The Law of Average

The essay question made him uncomfortable. It induced a minor dose of depression within him, the fear of failure percolating slowly once again. Without bothering to check the discomfort, he let his pen dictate what his heart narrated.

In 400 words, Please tell us why you deserve to be a part of our college?
A one word description about me – average. I certainly do not belong to the genius class, working in Silicon Valley neither to those stuck in the faraway by-lanes of Mumbai suburbs. I keep swimming between these distinctions.

Born in a Tier 2 city, Bhopal, I was granted the best of facilities it had on offer. I studied hard and attended tuition classes, for the options of childhood meant only these. Sports, Arts, Literature were fables of the rich. I topped my school exams consistently, proven by the fact that I had posters with my face plastered across the town. I assumed, in my own teen arrogance, that I were on the path to become the next Edison, if not a CV Raman.

That notion shattered when I did not top the JEE. The decent score helped me win a scholarship entry to a mammoth private University in the south. My teachers congratulated me, put up posters again in the area, celebrated my admission with much pomp. While I did not consider it a success, it was not too bad to be termed failure.

The university was a grand melting pot of cultures and experiences. My habitual excellence in education gradually withered under the distractions of sports, arts, girls and alcohol. I maintained an eight pointer, not worried about the excessive efforts needed to score a ten pointer and careful enough to avoid five pointers or carry-overs. I was frequently lauded for being an all round consistent performer. The laurels did not help as the best paying recruiting companies only considered ten pointers. I managed to be consistent again – at being average.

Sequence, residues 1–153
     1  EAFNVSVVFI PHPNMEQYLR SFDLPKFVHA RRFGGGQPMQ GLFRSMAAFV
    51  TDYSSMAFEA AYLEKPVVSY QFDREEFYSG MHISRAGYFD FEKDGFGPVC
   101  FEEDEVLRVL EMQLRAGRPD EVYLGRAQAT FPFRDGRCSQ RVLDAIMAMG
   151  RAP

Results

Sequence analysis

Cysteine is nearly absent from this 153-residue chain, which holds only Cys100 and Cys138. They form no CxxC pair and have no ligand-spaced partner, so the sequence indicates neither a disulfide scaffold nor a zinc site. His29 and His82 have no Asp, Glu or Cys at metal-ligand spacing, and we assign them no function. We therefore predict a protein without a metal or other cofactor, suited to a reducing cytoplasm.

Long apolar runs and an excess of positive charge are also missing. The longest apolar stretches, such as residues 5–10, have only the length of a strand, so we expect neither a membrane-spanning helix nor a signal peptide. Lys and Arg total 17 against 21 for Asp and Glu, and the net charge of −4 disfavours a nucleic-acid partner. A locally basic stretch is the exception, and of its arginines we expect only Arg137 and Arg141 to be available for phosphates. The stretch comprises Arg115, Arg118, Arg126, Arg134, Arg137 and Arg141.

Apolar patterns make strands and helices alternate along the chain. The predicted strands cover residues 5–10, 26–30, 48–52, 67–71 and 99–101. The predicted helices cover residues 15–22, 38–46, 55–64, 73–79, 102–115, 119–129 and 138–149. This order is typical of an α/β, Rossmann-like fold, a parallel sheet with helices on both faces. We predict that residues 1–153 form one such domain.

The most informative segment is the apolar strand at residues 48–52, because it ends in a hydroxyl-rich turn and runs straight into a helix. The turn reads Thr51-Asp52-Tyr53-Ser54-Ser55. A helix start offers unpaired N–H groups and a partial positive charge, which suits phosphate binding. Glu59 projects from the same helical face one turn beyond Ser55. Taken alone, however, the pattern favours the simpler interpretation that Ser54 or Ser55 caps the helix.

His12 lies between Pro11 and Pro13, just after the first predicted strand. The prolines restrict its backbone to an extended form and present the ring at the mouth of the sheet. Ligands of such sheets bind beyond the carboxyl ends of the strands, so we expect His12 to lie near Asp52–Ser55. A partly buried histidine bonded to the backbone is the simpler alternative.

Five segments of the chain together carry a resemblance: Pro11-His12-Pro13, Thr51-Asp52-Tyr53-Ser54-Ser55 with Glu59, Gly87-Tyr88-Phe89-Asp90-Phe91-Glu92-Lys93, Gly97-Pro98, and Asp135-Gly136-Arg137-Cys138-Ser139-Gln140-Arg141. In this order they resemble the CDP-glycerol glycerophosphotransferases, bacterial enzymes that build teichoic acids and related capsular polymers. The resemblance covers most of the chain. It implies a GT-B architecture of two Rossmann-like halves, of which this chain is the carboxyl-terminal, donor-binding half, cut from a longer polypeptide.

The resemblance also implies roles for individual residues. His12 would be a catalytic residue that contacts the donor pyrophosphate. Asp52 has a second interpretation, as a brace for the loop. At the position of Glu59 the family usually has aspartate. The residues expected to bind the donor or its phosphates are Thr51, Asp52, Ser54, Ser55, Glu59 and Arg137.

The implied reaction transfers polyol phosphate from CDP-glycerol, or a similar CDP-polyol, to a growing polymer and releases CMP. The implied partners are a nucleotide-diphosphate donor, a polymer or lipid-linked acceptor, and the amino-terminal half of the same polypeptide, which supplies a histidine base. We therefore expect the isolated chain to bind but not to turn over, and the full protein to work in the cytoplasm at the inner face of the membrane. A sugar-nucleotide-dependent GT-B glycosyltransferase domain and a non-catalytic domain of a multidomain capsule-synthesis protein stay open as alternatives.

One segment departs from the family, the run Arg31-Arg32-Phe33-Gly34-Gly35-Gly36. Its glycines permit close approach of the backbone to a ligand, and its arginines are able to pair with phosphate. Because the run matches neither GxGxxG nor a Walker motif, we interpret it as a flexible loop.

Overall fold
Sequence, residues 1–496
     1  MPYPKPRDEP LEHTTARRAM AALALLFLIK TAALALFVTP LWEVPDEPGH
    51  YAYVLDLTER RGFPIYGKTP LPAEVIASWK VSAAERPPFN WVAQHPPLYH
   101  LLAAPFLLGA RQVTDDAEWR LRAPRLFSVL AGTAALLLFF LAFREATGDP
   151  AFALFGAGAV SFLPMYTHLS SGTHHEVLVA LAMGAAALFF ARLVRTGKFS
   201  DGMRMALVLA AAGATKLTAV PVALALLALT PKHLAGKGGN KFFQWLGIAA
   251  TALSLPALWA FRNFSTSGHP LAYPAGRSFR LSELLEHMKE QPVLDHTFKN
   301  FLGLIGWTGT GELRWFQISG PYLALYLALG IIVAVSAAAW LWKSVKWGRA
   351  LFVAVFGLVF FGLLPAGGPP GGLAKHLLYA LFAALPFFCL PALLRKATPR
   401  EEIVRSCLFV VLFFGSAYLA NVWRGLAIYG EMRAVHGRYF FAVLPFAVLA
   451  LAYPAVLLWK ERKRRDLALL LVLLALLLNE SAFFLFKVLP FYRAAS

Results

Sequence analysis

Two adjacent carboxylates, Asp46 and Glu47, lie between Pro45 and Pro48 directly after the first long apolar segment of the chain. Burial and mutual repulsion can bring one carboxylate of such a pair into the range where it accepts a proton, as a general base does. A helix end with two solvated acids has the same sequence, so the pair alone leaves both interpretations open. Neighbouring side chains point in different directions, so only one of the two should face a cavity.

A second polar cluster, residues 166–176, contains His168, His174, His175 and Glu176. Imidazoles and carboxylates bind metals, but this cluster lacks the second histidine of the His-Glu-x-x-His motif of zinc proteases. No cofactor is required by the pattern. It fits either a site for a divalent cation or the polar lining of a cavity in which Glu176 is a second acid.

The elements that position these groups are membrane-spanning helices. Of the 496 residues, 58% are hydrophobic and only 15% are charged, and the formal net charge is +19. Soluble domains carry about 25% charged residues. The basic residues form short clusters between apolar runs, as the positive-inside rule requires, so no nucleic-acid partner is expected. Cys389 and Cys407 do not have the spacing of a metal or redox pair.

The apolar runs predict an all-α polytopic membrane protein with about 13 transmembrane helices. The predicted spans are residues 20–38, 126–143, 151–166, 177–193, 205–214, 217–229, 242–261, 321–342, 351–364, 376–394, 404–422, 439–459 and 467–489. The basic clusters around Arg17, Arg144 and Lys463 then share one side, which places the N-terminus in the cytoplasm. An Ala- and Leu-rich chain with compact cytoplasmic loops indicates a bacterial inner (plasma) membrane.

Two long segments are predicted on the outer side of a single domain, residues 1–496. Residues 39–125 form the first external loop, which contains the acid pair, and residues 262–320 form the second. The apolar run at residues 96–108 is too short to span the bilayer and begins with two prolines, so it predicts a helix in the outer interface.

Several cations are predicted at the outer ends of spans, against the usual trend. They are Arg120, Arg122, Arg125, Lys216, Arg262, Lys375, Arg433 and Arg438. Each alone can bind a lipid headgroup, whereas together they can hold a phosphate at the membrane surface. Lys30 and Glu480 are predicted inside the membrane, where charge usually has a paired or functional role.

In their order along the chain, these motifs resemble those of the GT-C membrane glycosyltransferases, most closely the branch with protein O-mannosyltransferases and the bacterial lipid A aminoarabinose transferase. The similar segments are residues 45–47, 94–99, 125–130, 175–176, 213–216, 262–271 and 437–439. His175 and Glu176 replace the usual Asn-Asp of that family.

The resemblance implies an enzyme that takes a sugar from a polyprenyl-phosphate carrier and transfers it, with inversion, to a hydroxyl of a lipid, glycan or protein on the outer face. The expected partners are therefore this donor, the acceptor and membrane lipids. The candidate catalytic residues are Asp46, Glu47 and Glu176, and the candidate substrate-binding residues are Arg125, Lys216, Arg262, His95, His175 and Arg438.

An IT company found my performance in line with their vision. They recruited generalists like me and transformed us into mediocre coders or support staff. The challenging projects, high pay packages went to people from better institutes. My family, however,  was proud and happy with the traditional firm that run like a public enterprise.

When I tried applying to bigger firms, the panel pointed out at all these as my failures. I was confounded and demotivated, for all that I had been proud of was brazenly declared irrelevant. They too termed me average.

I wish to break this vicious cycle. A great college like yours would, I believe recognize my capabilities better and feed me challenges that are worthy of being fought. Although it seems an highly audacious attempt, I applied because I wish to rebuild my life, fight in the upper echelons, finish on the podium rather than finishing the race fourth. Your acceptance would set the precedent for my road to greatness, for my victory against average.

The college loved his honesty.He eventually had managed to break the law of the average. 






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